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Version: 1.0

Recursive Proving

RISC Zero's zkVM uses recursive proving in order to achieve unbounded computation size, constant proof size, proof aggregation, and proof composition.

The rest of this page describes low-level details that are not necessary for users.

Recursive Proving Process

The end-to-end process for proof generation is shown in the following diagram.

To summarize the diagram:

  1. The program is executed, resulting in a collection of Segments.
  2. Each Segment is proven, resulting in a SegmentReceipt.
  3. Each SegmentReceipt is lifted, resulting in a SuccinctReceipt.
  4. Pairs of SuccinctReceipts are joined, resulting in another SuccinctReceipt. This continues until a single SuccinctReceipt remains.
  5. The final SuccinctReceipt is passed through identity_p254, which prepares for Groth16 proving.
  6. The SuccinctReceipt is compressed, generating a Groth16Receipt.

The Groth16Receipt can now be posted on-chain and verified by the RISC Zero Verifier Contract.

Recursive Circuit Architecture

RISC Zero's zkVM consists of three circuits.

  1. The RISC-V Circuit is a STARK circuit that proves correct execution of RISC-V programs.
  2. The Recursion Circuit is a separate STARK circuit, that's designed to efficiently generate proofs for the verification of STARK proofs and to support the integration of custom accelerator circuits into the zkVM. This circuit has a similar architecture to the RISC-V Circuit, but with fewer columns and an instruction set optimized for cryptography. The same proof system is used for both the RISC-V Circuit and the Recursion Circuit.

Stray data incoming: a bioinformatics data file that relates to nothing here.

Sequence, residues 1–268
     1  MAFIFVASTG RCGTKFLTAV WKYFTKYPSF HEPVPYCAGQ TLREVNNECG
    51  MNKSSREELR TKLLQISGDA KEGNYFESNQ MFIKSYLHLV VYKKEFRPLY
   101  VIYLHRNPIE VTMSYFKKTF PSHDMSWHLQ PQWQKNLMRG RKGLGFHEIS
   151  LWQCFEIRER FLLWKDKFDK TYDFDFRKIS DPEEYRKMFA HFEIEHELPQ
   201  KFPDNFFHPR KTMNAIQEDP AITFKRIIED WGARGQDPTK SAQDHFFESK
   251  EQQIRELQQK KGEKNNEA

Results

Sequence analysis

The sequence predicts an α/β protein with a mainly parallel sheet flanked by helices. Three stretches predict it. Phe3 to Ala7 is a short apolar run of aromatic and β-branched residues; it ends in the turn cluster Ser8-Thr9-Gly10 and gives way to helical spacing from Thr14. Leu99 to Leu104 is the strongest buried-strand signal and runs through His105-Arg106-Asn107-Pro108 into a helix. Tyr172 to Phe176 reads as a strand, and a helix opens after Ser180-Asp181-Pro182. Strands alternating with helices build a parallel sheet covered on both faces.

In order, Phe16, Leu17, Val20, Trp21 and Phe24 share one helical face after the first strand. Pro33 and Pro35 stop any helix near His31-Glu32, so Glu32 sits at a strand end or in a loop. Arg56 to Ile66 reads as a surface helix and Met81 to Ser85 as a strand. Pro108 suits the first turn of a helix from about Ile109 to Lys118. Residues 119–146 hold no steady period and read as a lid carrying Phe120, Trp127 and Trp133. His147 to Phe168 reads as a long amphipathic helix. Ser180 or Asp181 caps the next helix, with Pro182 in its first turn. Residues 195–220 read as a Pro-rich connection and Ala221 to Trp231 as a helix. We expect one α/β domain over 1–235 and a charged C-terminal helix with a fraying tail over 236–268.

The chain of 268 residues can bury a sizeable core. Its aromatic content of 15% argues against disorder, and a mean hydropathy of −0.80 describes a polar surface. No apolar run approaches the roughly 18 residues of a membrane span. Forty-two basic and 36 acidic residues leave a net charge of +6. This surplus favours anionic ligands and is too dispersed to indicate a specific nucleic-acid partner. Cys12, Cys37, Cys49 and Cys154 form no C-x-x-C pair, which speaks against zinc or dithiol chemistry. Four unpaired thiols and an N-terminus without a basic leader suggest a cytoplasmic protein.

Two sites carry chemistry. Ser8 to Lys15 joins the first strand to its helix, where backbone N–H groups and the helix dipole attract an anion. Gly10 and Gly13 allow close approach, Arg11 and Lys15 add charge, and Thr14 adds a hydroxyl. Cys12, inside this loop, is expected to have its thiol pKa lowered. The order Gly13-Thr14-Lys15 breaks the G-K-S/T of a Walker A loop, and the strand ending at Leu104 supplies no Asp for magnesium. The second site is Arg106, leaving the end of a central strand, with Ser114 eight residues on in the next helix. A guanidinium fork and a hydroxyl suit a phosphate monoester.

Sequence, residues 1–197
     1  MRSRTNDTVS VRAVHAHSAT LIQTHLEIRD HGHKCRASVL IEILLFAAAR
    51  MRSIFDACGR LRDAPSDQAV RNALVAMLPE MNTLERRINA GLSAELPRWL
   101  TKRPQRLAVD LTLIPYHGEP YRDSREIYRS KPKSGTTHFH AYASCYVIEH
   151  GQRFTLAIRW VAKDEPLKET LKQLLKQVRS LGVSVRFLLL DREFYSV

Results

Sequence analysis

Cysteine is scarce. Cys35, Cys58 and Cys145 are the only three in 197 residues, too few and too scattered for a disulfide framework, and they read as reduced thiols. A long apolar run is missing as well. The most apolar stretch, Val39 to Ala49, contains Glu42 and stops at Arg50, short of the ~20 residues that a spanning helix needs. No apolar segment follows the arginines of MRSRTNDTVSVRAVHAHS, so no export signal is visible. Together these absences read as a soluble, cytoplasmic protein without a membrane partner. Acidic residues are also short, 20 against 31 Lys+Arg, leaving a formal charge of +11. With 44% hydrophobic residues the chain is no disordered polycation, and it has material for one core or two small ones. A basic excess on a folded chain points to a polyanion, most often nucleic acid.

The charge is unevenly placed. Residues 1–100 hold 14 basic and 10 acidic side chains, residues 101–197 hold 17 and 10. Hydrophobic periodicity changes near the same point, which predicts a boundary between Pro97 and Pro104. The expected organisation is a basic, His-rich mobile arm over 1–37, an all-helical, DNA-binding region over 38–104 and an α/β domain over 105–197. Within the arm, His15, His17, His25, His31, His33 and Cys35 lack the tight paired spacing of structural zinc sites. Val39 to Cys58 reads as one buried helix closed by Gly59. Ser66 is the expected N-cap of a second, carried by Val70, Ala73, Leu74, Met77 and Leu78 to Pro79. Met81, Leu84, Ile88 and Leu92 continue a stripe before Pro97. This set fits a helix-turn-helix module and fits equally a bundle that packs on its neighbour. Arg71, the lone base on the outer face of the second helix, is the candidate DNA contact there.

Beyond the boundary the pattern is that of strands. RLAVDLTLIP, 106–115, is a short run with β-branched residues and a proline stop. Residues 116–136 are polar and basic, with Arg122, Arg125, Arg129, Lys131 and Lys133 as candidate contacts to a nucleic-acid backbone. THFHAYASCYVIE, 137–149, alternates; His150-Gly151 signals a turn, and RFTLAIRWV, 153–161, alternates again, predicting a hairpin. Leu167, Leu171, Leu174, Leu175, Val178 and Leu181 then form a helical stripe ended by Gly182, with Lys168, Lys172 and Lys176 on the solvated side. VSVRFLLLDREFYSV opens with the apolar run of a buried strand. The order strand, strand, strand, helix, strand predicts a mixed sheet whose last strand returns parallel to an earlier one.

3. The STARK-to-SNARK Circuit is an R1CS circuit that verifies proofs from the Recursion Circuit.

Recursion Programs

The Recursion Circuit supports a number of programs, including lift, join, resolve, and identity_p254. These are using internally to the Prover implementations to produce SuccinctReceipt and Groth16Receipt.

  1. The lift program verifies a STARK proof from the RISC-V Prover, using the Recursion Prover. This recursion proof has a single constant-time verification procedure, with respect to the original segment length, and is then used as the input to all other recursion programs (e.g. join, resolve, and identity_p254).

  2. The join program verifies two proofs from the Recursion Prover, using the Recursion Prover. By repeated application of join, any number of receipts for execution spans within the same session can be compressed into a single receipt for the entire session.

  3. The identity_p254 program verifies a proof from the Recursion Prover using the Recursion Prover with the Poseidon254 hash function. The identity_p254 program is used as the last step in the prover pipeline before running the Groth16 prover.

STARK-to-SNARK Wrapping

All of the recursion programs in the previous section output a SuccinctReceipt, which is a STARK proof (~200kB)

The final step in the recursion process is compress(), which outputs a Groth16Receipt, which can be verified on-chain using the RISC Zero Verifier Contract.